In the paper, two main datasets are considered: NYUDv2 and KITTI, representing indoor and outdoor settings, respectively.
To account for the uneven distribution of the classes and tasks in the datasets, the paper adopts what's called Knowledge distillation, which refers to a training procedure for a neural network that transfers the knowledge from a teacher network to a student network. Particularly:
Due to similarities with the CityScapes dataset, we consider ResNet-38 trained on
CityScapes as our teacher network to annotate the training images that have depth
not semantic segmentation. In turn, to annotate missing depth annotations on 100
with semantic labels from KITTI-6, we first trained a separate copy of our network
the depth task only, and then used it as a teacher.
So, the Hydranet was firstly trained on the KITTI dataset for depth estimation, then knowledge from the Resnet38 was transferred to the Hydranet for semantic segmentation as well.
The proposed architecture relies on a Light-Weight RefineNet architecture built on top of the MobileNet-v2 classification network.
This architecture extends the classifier by appending several simple contextual blocks, called Chained Residual Pooling (CRP), consisting of a series of 5 x 5 max-pooling and 1 x 1 convolutions.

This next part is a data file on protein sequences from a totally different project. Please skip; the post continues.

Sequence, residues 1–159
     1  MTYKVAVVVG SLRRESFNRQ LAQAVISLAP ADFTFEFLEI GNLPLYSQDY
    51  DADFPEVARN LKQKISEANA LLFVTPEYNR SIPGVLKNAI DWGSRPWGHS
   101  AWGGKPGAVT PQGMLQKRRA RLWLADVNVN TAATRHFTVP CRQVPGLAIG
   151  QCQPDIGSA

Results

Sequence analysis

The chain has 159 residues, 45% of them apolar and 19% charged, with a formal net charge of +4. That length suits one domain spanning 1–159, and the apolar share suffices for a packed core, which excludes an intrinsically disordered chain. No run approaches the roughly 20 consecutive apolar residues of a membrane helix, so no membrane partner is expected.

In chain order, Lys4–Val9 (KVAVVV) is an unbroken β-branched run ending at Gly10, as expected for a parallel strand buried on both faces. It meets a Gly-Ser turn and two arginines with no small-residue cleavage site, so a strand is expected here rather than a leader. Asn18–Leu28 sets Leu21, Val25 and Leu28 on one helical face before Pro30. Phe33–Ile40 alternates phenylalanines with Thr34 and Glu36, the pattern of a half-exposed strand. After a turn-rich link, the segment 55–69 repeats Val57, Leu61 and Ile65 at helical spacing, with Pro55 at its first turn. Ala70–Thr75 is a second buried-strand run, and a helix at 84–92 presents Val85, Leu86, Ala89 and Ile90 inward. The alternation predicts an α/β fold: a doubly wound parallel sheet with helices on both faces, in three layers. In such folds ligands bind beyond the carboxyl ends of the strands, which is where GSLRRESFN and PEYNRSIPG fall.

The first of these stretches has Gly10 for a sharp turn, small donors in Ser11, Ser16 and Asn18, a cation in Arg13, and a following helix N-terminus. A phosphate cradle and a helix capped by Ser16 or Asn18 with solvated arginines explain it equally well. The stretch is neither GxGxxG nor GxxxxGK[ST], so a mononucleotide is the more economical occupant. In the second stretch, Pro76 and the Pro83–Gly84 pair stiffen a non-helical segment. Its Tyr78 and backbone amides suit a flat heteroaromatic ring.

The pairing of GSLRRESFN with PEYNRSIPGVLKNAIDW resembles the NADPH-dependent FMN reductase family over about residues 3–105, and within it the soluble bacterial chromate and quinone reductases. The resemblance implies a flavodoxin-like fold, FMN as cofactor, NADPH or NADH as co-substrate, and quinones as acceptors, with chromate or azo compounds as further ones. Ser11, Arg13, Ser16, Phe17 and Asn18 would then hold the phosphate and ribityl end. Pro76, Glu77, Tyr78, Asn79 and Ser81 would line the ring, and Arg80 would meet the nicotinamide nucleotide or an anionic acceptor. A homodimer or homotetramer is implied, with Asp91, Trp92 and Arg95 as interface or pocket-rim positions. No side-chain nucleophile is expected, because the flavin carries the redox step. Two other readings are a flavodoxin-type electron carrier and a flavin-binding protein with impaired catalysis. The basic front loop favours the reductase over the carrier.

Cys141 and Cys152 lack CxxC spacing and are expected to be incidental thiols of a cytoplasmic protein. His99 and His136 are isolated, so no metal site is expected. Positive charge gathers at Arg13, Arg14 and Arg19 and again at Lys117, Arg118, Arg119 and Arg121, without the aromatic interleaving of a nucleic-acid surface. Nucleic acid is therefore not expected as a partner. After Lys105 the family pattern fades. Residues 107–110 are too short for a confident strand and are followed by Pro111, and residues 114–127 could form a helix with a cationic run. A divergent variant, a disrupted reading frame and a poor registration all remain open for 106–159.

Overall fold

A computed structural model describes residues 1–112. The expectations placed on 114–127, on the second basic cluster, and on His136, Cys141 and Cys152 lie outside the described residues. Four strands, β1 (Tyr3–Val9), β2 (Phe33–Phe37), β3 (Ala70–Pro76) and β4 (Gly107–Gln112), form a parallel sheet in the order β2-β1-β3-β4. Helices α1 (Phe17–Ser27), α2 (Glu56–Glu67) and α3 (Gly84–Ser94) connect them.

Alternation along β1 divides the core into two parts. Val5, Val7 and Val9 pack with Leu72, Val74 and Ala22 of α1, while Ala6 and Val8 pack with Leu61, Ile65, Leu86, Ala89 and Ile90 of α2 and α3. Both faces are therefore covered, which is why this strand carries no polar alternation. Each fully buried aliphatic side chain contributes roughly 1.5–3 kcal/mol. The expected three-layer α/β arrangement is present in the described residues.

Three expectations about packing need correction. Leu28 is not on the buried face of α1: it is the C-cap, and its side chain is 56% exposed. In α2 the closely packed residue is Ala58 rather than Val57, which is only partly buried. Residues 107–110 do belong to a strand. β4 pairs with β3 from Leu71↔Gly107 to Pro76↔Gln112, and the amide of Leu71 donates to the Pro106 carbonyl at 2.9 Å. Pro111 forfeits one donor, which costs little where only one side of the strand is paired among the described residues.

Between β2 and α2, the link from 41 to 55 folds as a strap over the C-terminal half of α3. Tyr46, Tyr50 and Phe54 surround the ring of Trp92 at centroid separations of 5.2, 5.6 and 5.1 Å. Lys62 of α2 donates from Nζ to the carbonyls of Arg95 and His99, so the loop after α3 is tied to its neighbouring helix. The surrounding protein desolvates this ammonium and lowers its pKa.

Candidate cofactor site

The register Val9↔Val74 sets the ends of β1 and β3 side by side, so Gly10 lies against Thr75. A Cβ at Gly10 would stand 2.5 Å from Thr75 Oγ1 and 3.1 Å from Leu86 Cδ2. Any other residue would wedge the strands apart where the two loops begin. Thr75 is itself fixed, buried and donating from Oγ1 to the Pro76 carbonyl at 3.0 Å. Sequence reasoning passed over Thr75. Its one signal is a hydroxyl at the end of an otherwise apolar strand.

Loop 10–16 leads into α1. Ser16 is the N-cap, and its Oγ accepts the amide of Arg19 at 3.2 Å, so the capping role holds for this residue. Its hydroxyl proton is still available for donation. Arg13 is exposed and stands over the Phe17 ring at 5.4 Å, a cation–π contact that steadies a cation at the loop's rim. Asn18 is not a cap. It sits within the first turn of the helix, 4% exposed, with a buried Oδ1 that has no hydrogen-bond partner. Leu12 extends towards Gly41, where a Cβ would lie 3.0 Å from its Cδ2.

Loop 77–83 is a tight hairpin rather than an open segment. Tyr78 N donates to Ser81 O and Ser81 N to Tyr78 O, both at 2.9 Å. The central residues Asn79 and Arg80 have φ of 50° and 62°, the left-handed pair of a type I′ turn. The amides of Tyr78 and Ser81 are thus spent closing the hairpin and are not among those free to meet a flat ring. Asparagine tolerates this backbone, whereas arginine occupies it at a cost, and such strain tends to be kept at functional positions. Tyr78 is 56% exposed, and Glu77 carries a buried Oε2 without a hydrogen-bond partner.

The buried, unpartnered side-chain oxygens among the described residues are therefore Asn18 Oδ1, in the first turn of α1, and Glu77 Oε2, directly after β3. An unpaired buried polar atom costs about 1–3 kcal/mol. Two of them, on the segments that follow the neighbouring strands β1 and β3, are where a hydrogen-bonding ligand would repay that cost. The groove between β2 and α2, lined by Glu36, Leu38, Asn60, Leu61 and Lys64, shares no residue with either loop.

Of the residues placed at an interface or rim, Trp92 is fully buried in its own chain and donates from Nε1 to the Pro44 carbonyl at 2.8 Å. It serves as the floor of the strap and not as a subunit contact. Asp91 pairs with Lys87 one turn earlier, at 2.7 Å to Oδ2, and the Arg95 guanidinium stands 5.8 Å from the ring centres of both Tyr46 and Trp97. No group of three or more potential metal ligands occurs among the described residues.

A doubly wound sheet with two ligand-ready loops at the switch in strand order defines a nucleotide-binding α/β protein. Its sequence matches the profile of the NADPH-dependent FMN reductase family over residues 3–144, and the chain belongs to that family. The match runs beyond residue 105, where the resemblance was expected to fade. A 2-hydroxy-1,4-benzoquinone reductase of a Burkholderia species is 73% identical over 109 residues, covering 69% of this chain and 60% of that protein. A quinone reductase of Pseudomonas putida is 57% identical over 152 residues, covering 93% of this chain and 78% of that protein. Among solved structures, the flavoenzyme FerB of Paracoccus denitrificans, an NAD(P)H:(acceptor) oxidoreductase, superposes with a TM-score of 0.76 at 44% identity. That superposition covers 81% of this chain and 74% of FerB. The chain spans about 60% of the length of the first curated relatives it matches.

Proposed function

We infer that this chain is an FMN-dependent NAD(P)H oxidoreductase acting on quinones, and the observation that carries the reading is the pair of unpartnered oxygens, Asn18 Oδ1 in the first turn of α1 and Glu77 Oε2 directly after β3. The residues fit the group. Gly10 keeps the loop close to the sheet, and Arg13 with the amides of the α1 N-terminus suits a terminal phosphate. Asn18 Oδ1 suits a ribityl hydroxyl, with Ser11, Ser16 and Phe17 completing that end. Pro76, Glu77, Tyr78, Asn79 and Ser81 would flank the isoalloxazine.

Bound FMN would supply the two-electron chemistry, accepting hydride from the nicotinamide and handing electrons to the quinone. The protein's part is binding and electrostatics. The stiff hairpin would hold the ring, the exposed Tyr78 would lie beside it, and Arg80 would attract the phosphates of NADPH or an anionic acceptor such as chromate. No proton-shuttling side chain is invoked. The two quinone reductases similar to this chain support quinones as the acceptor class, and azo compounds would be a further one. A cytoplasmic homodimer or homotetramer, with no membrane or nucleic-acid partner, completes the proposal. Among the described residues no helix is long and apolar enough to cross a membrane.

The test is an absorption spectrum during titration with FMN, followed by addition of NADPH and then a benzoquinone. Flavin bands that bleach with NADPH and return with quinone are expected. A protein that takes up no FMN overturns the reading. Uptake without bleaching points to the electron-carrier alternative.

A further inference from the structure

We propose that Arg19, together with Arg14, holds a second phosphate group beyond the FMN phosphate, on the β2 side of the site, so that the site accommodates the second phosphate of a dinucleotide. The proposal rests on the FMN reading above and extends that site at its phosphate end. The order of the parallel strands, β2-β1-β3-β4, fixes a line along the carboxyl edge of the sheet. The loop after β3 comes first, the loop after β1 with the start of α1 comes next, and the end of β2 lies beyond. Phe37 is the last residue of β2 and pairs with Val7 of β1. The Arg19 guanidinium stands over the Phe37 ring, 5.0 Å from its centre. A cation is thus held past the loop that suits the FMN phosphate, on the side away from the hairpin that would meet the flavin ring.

The branching happens right after the last CRP block, and two additional convolutional layers (one depthwise 1 x 1 and one plain 3 x 3) are appended for each task
The following table shows the results from the paper:
Joint depth estimation and segmentation
A Pytorch implementation of the paper Real Time Joint Semantic Segmentation & Depth Estimation Using Asymmetric Annotations
According to the classical multi-task learning paradigm, forcing a single model to perform several related tasks simultaneously can improve generalisation via imposing an inductive bias on the learned representations.
In this project, the related tasks are semantic segmentation and depth estimation. The aim is to demonstrate that there is no need to uncritically deploy multiple expensive models, when the same performance can be achieved with one small network.